I just hate it when wineries try to stick it to you when you visit their facilities. There was the time we went to a tasting room in Solvang with a $16 tasting fee...not applicable to purchase....that got you maybe two ounces of wine. Same with a winery in Temecula. Chateau Montelena in Napa Valley is famous for being the winery in the movie "Bottleshock" where an incredulous Bo Barrett asks his father if they now charge for tasting.
"No," Jim Barrett (in the movie answers).
In real life, it will cost you a sawbuck and you have to buy at least $100 worth of wine before you get that back.
I'm more partial to the yet-to-be-discovered-by-the-masses wine areas where you will find down-to-earth winemakers, eager to intice you with their fine products and make you a deal when you decide to buy.
Cucamonga Valley, Mariposa County, and Lodi are examples of wine countries that have yet to go the route of the Napas, Temeculas, or Santa Barbara County's as far as gouging their visitors is concerned.
Still, our favorite is Amador County. Just a shade below the river where James Marshall found that fateful gold nuggett at John Sutter's sawmill, it's a sleepy, scenic area with blistering hot summers that are very conducive to growing the big, bold reds like sangiovese, barbera, temperanillo, and...the state's official grape...zinfandel.
You can find the state's oldest operating winery here, have a winemaker pour a taste while you scratch behind the winery dog's ears, eat at some of the state's best restaurants, explore some of the historic gold mines of the area (some of which are still commercially producing), see ancient Indian grinding rocks, and support those same Natives by throwing some money around at their casinos.
What you won't find is a lot of other tourists, especially if you come mid-week.
Monday is serious downtime for most in this area. Tuesday, a few wineries start to shake off the weekend cobwebs. Wednesday, a few more open up along with some restaurants and Thursday the county is winding up for another weekend with almost everybody up and operating again.
It's Wednesday. I already got a case of some very good barbera for just a hair over $100 at Amador 360 yesterday. Today, we'll go to the Shenandoah Valley and taste some more.
First stop is quirky Bray Vineyards. You'll find them easily on Schoolhouse Road by the yellow road signs with a silhouette of a farmer popping a wheely on his tractor, wine bottle firmly planted to his lips.
We start off alone with just the server (who turns out to be a winemaker I've spent a few years looking for) tasting their wares. You can get "mystery wine" here, unlabeled bottles from their runs, at a discount along with growlers of wine filled from a tap.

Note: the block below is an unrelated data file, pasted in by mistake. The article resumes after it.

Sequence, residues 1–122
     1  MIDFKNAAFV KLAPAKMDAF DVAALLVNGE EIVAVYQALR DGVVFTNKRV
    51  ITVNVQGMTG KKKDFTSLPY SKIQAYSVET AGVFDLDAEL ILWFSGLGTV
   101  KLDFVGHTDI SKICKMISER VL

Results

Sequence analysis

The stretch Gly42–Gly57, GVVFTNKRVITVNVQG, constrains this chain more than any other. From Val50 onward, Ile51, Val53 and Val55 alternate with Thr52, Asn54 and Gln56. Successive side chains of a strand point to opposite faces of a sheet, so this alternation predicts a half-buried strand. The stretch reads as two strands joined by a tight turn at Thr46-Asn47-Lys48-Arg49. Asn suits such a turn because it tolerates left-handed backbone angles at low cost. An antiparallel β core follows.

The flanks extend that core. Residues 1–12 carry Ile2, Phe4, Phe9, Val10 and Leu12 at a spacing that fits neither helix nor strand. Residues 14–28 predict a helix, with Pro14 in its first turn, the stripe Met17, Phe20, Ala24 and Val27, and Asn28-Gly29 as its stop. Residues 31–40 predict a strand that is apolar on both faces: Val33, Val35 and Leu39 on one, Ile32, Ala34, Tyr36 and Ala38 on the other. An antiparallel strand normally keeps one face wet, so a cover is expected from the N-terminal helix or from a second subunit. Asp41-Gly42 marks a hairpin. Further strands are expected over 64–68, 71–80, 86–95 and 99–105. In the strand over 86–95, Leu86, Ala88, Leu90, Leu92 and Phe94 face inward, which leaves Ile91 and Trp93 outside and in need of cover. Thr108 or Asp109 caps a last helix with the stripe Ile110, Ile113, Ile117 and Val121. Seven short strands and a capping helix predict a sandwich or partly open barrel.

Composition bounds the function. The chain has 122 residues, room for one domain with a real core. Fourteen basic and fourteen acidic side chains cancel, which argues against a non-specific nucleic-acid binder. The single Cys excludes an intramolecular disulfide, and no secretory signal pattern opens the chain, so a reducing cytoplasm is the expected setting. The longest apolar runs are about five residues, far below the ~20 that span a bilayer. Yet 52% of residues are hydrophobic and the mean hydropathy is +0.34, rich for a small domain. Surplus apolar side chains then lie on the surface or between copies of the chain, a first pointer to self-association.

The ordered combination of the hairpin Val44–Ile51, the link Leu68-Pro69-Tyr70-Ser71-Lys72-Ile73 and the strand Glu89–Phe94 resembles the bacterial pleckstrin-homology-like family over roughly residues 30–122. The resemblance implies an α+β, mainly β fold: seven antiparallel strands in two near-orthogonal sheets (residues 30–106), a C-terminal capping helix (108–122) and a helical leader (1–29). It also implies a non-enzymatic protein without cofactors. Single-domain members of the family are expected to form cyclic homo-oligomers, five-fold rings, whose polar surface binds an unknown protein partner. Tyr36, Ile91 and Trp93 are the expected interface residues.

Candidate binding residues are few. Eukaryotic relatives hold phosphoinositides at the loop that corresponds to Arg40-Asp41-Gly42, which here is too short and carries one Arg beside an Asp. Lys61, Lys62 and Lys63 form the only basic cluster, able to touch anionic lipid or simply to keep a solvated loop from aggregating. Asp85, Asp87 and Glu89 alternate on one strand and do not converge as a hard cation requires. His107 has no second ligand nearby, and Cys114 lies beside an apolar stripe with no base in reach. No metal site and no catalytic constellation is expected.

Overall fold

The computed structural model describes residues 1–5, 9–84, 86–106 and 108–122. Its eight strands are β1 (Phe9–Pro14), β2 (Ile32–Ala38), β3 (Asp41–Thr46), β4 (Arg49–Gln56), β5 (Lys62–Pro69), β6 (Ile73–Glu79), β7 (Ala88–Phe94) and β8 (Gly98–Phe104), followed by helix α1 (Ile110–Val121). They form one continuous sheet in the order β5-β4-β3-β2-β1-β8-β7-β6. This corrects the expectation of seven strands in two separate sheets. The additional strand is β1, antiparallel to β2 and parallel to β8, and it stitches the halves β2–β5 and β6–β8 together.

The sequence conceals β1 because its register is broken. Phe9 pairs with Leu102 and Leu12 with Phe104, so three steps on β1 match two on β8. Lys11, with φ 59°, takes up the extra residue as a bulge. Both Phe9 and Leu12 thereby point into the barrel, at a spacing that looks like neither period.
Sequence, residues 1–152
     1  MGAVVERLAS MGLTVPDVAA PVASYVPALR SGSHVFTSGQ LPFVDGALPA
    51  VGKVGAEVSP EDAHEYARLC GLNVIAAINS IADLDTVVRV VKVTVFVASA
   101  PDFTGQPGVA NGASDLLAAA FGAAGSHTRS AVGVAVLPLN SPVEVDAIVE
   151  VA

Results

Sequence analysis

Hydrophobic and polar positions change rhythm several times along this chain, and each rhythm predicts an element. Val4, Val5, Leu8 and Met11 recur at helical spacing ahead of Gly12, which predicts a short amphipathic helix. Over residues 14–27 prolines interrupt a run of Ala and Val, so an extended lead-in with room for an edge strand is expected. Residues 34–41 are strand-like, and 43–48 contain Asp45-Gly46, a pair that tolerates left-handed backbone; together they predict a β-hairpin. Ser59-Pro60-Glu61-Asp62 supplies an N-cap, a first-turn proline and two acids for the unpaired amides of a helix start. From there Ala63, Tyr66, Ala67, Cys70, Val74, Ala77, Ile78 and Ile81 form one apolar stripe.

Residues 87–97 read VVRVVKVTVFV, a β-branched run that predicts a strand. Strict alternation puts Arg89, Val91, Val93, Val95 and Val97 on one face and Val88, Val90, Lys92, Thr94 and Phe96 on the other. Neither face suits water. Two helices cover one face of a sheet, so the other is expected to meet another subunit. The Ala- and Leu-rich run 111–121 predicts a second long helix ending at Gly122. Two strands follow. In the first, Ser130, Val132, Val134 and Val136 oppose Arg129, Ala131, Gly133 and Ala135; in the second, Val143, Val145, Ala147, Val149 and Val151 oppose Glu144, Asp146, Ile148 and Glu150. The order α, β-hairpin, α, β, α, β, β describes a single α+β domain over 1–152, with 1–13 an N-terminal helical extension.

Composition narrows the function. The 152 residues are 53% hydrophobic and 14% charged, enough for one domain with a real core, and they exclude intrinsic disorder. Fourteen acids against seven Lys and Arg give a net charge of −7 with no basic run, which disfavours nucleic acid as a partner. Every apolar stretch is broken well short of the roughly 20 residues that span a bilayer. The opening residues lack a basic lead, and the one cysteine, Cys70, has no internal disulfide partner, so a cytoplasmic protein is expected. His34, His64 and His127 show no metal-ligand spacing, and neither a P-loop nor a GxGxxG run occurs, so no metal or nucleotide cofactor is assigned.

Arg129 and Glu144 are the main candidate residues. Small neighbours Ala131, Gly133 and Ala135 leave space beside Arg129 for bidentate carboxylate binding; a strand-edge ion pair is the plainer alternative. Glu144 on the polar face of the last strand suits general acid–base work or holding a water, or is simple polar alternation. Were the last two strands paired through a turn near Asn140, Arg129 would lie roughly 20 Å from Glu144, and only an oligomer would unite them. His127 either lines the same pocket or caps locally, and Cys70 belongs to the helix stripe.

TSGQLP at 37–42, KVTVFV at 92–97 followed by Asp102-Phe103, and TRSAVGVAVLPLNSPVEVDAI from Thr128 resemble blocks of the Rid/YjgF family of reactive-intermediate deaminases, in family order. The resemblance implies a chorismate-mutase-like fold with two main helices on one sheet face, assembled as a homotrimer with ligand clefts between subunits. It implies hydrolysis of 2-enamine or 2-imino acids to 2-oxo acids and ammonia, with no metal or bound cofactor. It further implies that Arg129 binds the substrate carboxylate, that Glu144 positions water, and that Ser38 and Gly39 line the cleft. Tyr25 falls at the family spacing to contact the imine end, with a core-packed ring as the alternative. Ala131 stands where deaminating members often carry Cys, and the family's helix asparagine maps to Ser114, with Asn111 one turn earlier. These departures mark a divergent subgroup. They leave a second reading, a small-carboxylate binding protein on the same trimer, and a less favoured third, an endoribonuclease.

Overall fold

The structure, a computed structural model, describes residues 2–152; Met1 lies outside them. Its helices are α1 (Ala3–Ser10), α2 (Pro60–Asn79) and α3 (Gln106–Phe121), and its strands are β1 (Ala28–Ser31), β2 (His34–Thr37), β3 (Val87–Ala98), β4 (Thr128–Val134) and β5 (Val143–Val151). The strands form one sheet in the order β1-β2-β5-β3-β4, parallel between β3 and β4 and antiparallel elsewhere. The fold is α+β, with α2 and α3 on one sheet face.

Another lady comes in while we're there and she strikes up a conversation with my wife about where the best tasting rooms are around here.
We go outside, take some pictures, and pet the winery's dog.
It's up the road to Sobon Estate, the previously mentioned oldest winery (used to be D'Agostini), taste some more and trade an e-mail address for a 20% discount on an already reasonably priced mixed case.
It was to be Shenandoah Winery next but construction blocks our access so we end our day again with a trip to our favorite winery, Story, located way up a few winding roads at the top of the Consumnes River Canyon.
A case of their Gold Hill Zinfandel is procured for $99 while we sip. On this hot day, the biggest hit is their Miss Rose, which is a rosé made out of their mission grapes. It may be the best rosé I've ever tasted.
We grab a bottle and head outside to enjoy a picnic of bread and cheese on a very breezy day.
Alexandra, the lady we met at Bray, shows up next for some tasting and comes down to say hi.
"Wow, you were right. This place is amazing!" she exclaims to my wife.
She's on a reconnosance trip to find a place to take a group from work during an upcoming weekend and has settled on an Amador tasting safari ending with a picnic here at the stunning, grapevine covered canyon top picnic ground here at Story Winery.
As we sip our Miss Rose, chat with a new friend, and enjoy the stellar views, I realize my batteries are now pretty fully charged. Funny how everytime I come up to this beautiful, amazing, and laid-back place that happens.
Amador County is about an hour east of the state capitol of Sacramento. Everything mentioned in this post is wheelchair accessible. Good to great accessible lodging is available at the Best Western in Jackson, Days Inn in Sutter Creek, and...our new favorite...the Shenandoah Inn in Plymouth. The Hyatt House in Rancho Cordova is also a good option with a 45 minute drive to Amador County and includes a full, hot breakfast. All (except for Days Inn) have pools to cool off in the hot Amador summers with pool lifts.
Copyright 2014 - Darryl Musick
All Rights Reserved
Pictures by Letty Musick
Copyright 2014 - Letty Musick
All Rights Reserved